The current disconnect between falling inflation and low “economic slack” is a sign that ‘economics 101’ no longer works, according to a report from Capital Economics published earlier this week (7 August).
In an analytical blog entitled Revisiting the case for ‘immaculate disinflation’, Neil Shearing, the firm’s group chief economist, pointed out that US CPI headline inflation has fallen from 9.1% in June to 3.2% at time of writing (10 August). Meanwhile, core inflation in the EU has fallen from 6.4% to 5.3%. While July CPI figures for the UK have not yet been released, the Bank of England expects inflation to fall from June’s 7.9% to 5% by the end of the year.
“The textbooks have a clear view of how this process is supposed to work: higher interest rates lead to weaker demand, which creates economic slack, which in turn leads to disinflation,” Shearing said. “Central banks have played their part, raising rates in the most aggressive tightening cycle since the last big war on inflation ended in the early 1980s.
“But… the recent run of good news on inflation has come against a backdrop of extremely strong labour markets.”
US unemployment has plateaued at approximately 3.5%, while eurozone unemployment rates have fallen to their lowest rate in 25 years at 6.6%. In the UK, unemployment also remains historically low at 4% which, as Shearing pointed out, suggests there has been “no increase in economic slack”.
In part, the economist said this is because “the approach to inflation that is taught in Economics 101 has been fatally undermined by structural shifts in economies and labour markets over the past 20 years”.
By this, he means there is no longer a dependable relationship between demand, supply, wages and prices, which therefore means central banks cannot “predict where inflation is heading and respond accordingly”.
Shearing said: “Economists and central bankers need a new framework for thinking about inflation that is not rooted in the Phillips Curve, that now-discredited model showing a relationship between unemployment and inflation.
“As for the recent declines in inflation… the pandemic and then the war in Ukraine caused one-off shocks to the level of prices of everything from food and energy to used cars that is now passing through.
“This has echoes of the period after the Second World War, when a combination of huge supply dislocation and the relaxation of price controls led to a short but sharp burst of inflation.”
A post-Covid world
Critically, however, Shearing referenced Nobel-Laureate economist Paul Krugman’s recent call for a new analytical framework in a post-Covid environment, given he believes inflation and output should be analysed at £an economy-wide level, rather than for individual goods and services”.
According to Capital Economics’ inflationary model, which the firm first set out last year, below-potential output means firms can produce any amount of goods at the current market price. But once the output surpasses its potential, the price asked for by companies to produce more goods increases significantly.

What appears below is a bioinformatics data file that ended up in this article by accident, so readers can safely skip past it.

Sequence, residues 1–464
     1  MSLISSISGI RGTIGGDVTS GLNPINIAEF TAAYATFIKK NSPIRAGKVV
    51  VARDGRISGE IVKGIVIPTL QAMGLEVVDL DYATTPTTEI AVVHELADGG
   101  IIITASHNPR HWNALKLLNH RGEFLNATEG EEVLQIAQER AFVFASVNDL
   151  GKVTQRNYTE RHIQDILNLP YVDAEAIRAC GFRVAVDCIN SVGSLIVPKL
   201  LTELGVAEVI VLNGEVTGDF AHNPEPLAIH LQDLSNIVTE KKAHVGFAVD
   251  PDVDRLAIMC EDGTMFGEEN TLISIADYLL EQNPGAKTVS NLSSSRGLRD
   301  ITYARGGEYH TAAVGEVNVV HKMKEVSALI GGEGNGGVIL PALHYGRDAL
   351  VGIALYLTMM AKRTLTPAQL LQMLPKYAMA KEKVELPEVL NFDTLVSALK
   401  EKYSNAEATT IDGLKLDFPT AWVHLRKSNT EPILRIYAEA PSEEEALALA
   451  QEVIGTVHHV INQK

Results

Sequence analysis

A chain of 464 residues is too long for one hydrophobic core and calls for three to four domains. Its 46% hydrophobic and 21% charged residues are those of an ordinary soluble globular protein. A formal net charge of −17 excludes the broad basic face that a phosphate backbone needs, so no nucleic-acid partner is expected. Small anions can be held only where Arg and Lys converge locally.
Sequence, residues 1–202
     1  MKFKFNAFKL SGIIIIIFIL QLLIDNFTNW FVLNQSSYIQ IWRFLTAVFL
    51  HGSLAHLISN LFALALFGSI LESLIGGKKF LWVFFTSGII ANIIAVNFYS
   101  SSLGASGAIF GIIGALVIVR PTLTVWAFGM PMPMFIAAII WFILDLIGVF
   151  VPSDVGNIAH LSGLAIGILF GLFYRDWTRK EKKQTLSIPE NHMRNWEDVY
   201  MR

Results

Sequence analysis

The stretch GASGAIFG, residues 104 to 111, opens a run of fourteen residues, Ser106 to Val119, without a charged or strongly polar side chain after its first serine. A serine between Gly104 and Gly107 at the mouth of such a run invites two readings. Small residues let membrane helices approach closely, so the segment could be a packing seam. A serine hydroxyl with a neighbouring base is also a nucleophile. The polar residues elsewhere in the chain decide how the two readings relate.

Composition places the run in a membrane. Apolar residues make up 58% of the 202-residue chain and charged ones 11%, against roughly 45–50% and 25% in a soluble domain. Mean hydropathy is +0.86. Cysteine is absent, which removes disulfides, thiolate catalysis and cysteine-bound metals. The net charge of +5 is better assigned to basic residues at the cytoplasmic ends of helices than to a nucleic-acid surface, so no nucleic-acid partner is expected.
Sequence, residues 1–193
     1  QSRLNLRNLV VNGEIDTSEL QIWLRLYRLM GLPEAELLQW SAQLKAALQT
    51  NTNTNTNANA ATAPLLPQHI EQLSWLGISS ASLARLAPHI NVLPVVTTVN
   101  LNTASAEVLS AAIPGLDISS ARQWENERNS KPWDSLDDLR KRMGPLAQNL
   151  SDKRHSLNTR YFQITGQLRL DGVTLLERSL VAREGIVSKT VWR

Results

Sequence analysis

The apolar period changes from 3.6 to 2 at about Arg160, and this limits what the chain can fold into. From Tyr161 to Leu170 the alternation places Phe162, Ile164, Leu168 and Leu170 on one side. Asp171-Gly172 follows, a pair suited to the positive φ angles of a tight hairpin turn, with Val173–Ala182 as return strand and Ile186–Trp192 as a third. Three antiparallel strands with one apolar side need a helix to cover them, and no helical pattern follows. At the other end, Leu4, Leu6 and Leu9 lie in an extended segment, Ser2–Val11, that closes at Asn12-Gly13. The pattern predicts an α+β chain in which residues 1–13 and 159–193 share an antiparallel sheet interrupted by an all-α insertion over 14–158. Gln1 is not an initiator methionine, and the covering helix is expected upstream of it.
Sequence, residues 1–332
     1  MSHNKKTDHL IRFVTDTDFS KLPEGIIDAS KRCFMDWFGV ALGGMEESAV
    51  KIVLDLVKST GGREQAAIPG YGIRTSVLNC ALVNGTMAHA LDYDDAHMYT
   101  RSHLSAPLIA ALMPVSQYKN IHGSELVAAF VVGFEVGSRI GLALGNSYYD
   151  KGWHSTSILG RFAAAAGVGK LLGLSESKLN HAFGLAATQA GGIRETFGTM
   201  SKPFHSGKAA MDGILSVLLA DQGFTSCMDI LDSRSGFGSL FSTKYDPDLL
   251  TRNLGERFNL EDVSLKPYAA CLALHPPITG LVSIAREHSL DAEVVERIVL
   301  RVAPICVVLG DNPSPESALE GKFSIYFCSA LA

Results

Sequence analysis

By the same token, shifts in demand for goods and services can be significant when output is below potential but will lead to relatively small price changes. After the output reaches its full potential, shifts in demand can only generate small changes in output but could significantly impact price fluctuations.
Shearing said this framework has so far shifted twice over the last two years. Firstly, following loose monetary policy and fiscal stimulus after the pandemic; and secondly, when the Russia-Ukraine war squeezed supply potential.
“As a result… output increased modestly but prices increased a lot,” Shearing explained.
“Crucially, this shifted economies…. to a place where small movements in demand create large moves in prices with little change in output. This may help to explain why inflation has fallen without the need for a large fall in output (or increase in economic slack).
“In addition, it is likely that policymakers have also had a helping hand from a recovery in aggregate supply as pandemic-related supply restrictions have ended and labour market participation and employment has rebounded.”
Now, Shearing said the key question for central banks is whether falling inflation remain sustainable without relying on economic slack – or big falls in output. He reasoned that this will mostly depend on labour markets.
He explained: “Wage growth in the eurozone and the UK has been much slower to fall and remains far too high for either the ECB’s or the Bank of England’s liking.
“The concern is that unless wage growth cools, so-called “second round” effects will lead to a renewed rise in inflation further down the line.”
Shearing said this can also be achieved without “injecting slack” into the labour market, given Capital Economics’ research suggests pressure to increase pay to fill vacancies is easing off.